Which Types of Tech Enterprises Will Win, Which Will Fail in 2016

By Chris Preimesberger  |  Posted 2015-10-27

2016 will be a pivotal year for tech enterprises: Plainly, those who dance to the tune of providing exactly what the customer wants—and when they want it—will thrive. Those who put out products and services and simply expect customers to adjust to them will begin to experience significant churn and start the slow process of extinction. The latter is the old-school way of business, and it doesn't work anymore. These are among the key points Forrester Research makes in a new publication with projections about who will succeed and who will fail in the age of the customer in 2016. Look around you; legacy IT companies that have been behind the IT curve and slow to anticipate change and pivot to new product trends are having serious troubles. Naturally, it is harder and more expensive for large vessels like HP, IBM and EMC to make those relatively quick market moves, while at the same time anticipating the correct direction to make that pivot. That's not to say that companies like these won't continue to succeed, but it is to say that to truly thrive in the age of the customer, it is imperative that strategies need to change. In this eWEEK slide show, we present those factors that Forrester sees as necessary if companies are to succeed in 2016.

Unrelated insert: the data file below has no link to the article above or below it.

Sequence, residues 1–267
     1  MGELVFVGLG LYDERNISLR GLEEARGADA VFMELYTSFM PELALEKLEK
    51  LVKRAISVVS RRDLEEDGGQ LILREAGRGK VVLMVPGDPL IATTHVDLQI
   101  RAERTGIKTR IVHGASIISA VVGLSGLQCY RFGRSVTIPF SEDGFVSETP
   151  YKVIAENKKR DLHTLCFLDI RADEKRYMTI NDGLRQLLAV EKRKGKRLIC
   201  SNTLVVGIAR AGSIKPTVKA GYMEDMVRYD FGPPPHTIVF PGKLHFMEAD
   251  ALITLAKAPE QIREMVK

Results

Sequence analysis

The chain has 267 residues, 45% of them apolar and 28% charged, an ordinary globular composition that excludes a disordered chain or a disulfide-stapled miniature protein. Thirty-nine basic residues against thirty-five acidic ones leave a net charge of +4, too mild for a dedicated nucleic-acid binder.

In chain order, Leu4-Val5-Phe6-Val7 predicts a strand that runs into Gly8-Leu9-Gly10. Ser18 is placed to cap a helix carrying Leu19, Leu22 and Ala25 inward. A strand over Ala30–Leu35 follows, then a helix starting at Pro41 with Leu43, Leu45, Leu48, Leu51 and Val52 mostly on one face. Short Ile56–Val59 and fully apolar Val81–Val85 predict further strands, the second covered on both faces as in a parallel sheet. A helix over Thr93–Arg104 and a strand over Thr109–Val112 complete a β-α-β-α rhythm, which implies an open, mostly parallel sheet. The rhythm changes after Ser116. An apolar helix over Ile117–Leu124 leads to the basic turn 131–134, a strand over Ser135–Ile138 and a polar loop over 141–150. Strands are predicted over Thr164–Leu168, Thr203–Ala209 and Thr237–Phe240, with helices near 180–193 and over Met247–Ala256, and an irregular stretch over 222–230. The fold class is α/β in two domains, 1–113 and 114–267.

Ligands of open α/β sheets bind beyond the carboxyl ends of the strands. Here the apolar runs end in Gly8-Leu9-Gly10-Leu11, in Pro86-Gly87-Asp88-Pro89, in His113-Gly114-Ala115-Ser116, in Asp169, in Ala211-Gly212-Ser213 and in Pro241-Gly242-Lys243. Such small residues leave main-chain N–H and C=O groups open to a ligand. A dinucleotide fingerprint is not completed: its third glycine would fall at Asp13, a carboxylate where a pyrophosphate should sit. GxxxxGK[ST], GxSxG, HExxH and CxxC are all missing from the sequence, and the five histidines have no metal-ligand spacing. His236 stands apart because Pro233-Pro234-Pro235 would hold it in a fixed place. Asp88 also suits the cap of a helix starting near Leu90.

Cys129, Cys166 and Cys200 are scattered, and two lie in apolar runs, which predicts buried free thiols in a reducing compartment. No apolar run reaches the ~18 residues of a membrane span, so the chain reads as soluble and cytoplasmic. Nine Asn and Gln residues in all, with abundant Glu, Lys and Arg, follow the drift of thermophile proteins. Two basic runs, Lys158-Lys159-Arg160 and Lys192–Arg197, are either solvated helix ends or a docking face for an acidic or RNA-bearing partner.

Chris Preimesberger Chris Preimesberger was named Editor-in-Chief of Features & Analysis at eWEEK in November 2011. Previously he served eWEEK as Senior Writer, covering a range of IT sectors that include data center systems, cloud computing, storage, virtualization, green IT, e-discovery and IT governance. His blog, Storage Station, is considered a go-to information source. Chris won a national Folio Award for magazine writing in November 2011 for a cover story on Salesforce.com and CEO-founder Marc Benioff, and he has served as a judge for the SIIA Codie Awards since 2005. In previous IT journalism, Chris was a founding editor of both IT Manager's Journal and DevX.com and was managing editor of Software Development magazine. His diverse resume also includes: sportswriter for the Los Angeles Daily News, covering NCAA and NBA basketball, television critic for the Palo Alto Times Tribune, and Sports Information Director at Stanford University. He has served as a correspondent for The Associated Press, covering Stanford and NCAA tournament basketball, since 1983. He has covered a number of major events, including the 1984 Democratic National Convention, a Presidential press conference at the White House in 1993, the Emmy Awards (three times), two Rose Bowls, the Fiesta Bowl, several NCAA men's and women's basketball tournaments, a Formula One Grand Prix auto race, a heavyweight boxing championship bout (Ali vs. Spinks, 1978), and the 1985 Super Bowl. A 1975 graduate of Pepperdine University in Malibu, Calif., Chris has won more than a dozen regional and national awards for his work. He and his wife, Rebecca, have four children and reside in Redwood City, Calif.Follow on Twitter: editingwhiz

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